- Acupressure, acupuncture or electro-acupuncture reduce nausea and vomiting in pregnancyA meta-analysis has examined the effects of various methods for stimulating acupuncture points for the prevention of nausea and vomiting in pregnant women. The authors identified 14 eligible trials published over the last 16 years, involving a total of 1615 women and using either acupressure, acupuncture or electro-acupuncture.
After the treatment, compared with controls, all methods reduced the proportion of nausea by more than 50% and vomiting by around 40%. Electro-acupuncture and acupressure (applied by finger pressure or wristband) reduced nausea and vomiting. However, acupuncture did not show an effect. The authors advise caution in interpreting the results, as the number of acupuncture trials included was limited.
Helmreich, Shiao, Dune (2006) Meta-analysis of acu-stimulation effects on nausea and vomiting in pregnant women. Explore (NY) Sep-Oct; 2(5):412-21.
- Acupuncture is effective and safe for nausea and vomiting in early pregnancySmith et al. published two articles from their research on nausea and vomiting in pregnancy. The first looked at the effectiveness and the second at the safety of acupuncture treatment in early pregnancy.
The researchers’ objective was to compare between
1. traditional acupuncture treatment,
2. acupuncture at Neiguan P-6 only,
3. sham acupuncture and
4. no acupuncture.
At the Women’s and Children’s Hospital in Adelaide, Australia, 593 women (less than 14 weeks pregnant) suffering from nausea and vomiting were randomised into 4 groups and received a treatment weekly.
The acupuncture group, in which points were chosen according to traditional acupuncture diagnosis, received two 20 minutes acupuncture treatments in the first week followed by one weekly treatment for the next four weeks.
The sham acupuncture group were needled at points close to but not on acupuncture points. All treatment groups received treatments with the same frequency and from the same acupuncturist.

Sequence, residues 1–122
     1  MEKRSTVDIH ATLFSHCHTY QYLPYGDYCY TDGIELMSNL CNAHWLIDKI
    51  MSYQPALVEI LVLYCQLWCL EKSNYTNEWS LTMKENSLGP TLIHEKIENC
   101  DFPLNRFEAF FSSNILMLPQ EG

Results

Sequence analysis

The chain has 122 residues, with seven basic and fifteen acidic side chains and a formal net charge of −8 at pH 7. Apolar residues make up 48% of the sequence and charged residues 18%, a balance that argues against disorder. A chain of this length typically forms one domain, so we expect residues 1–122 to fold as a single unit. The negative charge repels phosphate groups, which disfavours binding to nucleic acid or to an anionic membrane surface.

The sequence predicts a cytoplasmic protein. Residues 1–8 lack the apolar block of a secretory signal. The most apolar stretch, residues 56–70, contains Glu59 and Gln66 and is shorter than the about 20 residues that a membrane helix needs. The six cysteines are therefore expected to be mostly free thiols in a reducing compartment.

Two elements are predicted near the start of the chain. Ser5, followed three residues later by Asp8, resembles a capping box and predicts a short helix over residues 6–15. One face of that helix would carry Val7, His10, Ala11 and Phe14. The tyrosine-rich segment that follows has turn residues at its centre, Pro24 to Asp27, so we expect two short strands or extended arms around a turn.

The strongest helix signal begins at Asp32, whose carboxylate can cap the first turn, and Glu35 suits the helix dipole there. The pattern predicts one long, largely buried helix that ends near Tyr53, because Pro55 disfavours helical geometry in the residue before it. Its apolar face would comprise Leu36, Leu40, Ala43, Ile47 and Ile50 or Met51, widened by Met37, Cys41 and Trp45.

The outcomes compared the levels of nausea, dry retching, vomiting, and health status. When compared to the no-treatment group, the traditional acupuncture group reported less nausea throughout the study and less dry retching from the second week.
The Neiguan P-6 group reported less nausea from the second week and less dry retching from the third week. The sham acupuncture group reported less nausea and dry retching from the third week.
So while all three acupuncture groups reported improvement with nausea and dry retching, it was the traditional acupuncture group that had the fastest response.
Patients in traditional acupuncturegroup also reported improvement in five aspects of general health status (vitality, social function, physical function, mental health and emotional role function) compared to improvement in two aspects with both the NeiguanP-6 and sham acupuncture groups. In the no-treatment group there was improvement in only one aspect.
Although there were no differences in regards to vomiting among the treatment groups the authors speculated that more frequent treatments might have produced greater benefits.
To assess the safety of acupuncture in early pregnancy data was collected on perinatal outcome, congenital abnormalities, pregnancy complications and problems of the newborn. No differences were found between study groups in the incidence of these outcomes suggesting that there are no serious adverse effects from the use of acupuncture treatment in early pregnancy.
Conclusion: acupuncture is a safe and effective treatment for women who experience nausea and dry retching in early pregnancy.
Smith, Crowther, Beilby (2002a) Acupuncture to treat nausea and vomiting in early pregnancy: a randomized trial. Birth, Mar; 29(1): 1-9. Smith, Crowther, Beilby (2002b) Pregnancy outcome following women’s participation in a randomised controlled trial of acupuncture to treat nausea and vomiting in early pregnancy. Complement Ther Med, Jun; 10(2):78-83.